The National Registry of Exonerations is a joint project of the Newkirk Center for Science & Society at the University of California, Irvine, the University of Michigan Law School and Michigan State University College of Law.
To provide comprehensive information on exonerations of innocent criminal defendants in order to prevent future false convictions by learning from past errors.
What We Do:
The registry collects, analyzes and disseminates information about all known exonerations of innocent criminal defendants in the United States. We publish their stories and provide accessible, searchable data about their cases. We also conduct empirical studies of the process of exoneration and of factors that lead to the underlying wrongful convictions.
We study false convictions – their frequency, distribution, causes, costs and consequences, in order to educate policymakers and the general public about convictions of innocent defendants. We focus on exonerations because the only false convictions that we know about are those that end in exoneration.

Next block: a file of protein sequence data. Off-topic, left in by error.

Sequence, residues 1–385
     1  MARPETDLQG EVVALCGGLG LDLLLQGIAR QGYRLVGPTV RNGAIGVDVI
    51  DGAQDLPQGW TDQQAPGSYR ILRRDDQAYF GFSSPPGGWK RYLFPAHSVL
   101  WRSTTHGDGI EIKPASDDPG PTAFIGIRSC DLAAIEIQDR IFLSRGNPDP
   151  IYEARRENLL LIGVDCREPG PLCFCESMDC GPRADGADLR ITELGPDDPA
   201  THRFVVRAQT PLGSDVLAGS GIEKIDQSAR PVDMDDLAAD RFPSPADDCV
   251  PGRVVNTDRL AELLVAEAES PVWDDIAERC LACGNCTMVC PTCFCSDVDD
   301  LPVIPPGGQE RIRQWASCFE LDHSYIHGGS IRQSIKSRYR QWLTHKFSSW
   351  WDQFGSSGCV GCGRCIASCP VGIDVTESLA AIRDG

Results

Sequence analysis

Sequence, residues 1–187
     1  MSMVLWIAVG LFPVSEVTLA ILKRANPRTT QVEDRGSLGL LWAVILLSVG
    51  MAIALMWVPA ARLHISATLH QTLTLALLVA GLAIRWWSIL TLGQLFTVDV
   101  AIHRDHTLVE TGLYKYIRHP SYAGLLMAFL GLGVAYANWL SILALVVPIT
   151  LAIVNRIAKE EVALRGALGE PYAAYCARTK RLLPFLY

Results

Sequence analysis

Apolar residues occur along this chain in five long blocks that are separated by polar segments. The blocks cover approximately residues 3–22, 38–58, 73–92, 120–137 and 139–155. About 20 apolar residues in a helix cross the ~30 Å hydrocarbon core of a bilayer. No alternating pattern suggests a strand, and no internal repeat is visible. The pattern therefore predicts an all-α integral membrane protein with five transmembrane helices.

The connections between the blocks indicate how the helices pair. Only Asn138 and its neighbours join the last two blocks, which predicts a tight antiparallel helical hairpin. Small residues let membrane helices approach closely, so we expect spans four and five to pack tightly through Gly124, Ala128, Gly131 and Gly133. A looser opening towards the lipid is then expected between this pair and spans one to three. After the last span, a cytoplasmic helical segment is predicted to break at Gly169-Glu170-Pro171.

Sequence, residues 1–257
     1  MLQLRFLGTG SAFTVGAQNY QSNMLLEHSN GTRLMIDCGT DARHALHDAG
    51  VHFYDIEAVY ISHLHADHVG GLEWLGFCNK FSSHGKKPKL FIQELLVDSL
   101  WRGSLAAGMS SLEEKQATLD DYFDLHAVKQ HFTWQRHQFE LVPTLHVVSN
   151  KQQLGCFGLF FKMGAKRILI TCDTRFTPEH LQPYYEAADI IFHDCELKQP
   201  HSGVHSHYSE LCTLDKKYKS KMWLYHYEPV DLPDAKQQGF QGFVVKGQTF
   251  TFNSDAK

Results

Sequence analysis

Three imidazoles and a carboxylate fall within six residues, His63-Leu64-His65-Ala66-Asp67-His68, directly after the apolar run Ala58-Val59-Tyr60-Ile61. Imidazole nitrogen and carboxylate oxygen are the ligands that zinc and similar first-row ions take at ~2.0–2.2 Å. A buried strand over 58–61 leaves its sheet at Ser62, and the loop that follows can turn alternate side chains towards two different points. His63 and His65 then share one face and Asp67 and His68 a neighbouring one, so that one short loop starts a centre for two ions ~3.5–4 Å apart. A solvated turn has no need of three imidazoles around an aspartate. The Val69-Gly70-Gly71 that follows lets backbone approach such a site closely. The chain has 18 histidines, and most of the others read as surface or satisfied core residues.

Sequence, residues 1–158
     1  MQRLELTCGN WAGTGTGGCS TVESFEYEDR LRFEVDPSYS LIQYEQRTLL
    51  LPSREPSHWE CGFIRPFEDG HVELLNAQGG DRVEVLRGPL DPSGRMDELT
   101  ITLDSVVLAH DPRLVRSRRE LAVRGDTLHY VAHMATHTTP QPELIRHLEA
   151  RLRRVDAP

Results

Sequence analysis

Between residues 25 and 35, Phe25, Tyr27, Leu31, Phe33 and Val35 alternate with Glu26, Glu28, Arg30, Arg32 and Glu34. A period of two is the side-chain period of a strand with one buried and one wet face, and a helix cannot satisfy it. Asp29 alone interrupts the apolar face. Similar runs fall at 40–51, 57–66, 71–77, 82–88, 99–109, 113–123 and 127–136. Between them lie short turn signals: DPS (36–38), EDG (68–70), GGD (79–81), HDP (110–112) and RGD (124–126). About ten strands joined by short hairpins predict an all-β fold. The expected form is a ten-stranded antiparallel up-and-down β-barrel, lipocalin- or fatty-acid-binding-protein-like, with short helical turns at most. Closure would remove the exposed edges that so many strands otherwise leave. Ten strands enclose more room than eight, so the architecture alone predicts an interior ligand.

We aim to be accurate, objective, transparent and accessible. We rely entirely on publicly available information. We do not practice law or investigate cases of possible innocence. We do not collect, maintain or use confidential information of any sort, or work on behalf of any individuals. We do not make our own judgments about the guilt or innocence of convicted defendants. Our criteria for classifying cases as exonerations are based on official actions by courts and other government agencies.
Our primary goal is to reform the criminal justice system and reduce these tragic errors in the future. We also aim to make police officers, prosecutors, defense attorneys and judges more sensitive to the problem of wrongful convictions and more willing to reconsider the guilt of defendants who have already been convicted when new evidence of innocence comes to light.
We hope you will join us as we raise funds to support the research at the National Registry of Exonerations. Currently, the registry lists more than 2,500 exonerations of innocent defendants who collectively spent more than 22,000 years in prison, including more than 150 exonerees who served more than 25 years each.
Our research is powered by donors like you. Every dollar donated to the registry goes directly to help us study and disseminate information on wrongful convictions, why they occur and how to prevent them. We are extremely grateful for any support you can give.
Together, we can build a brilliant future for our communities.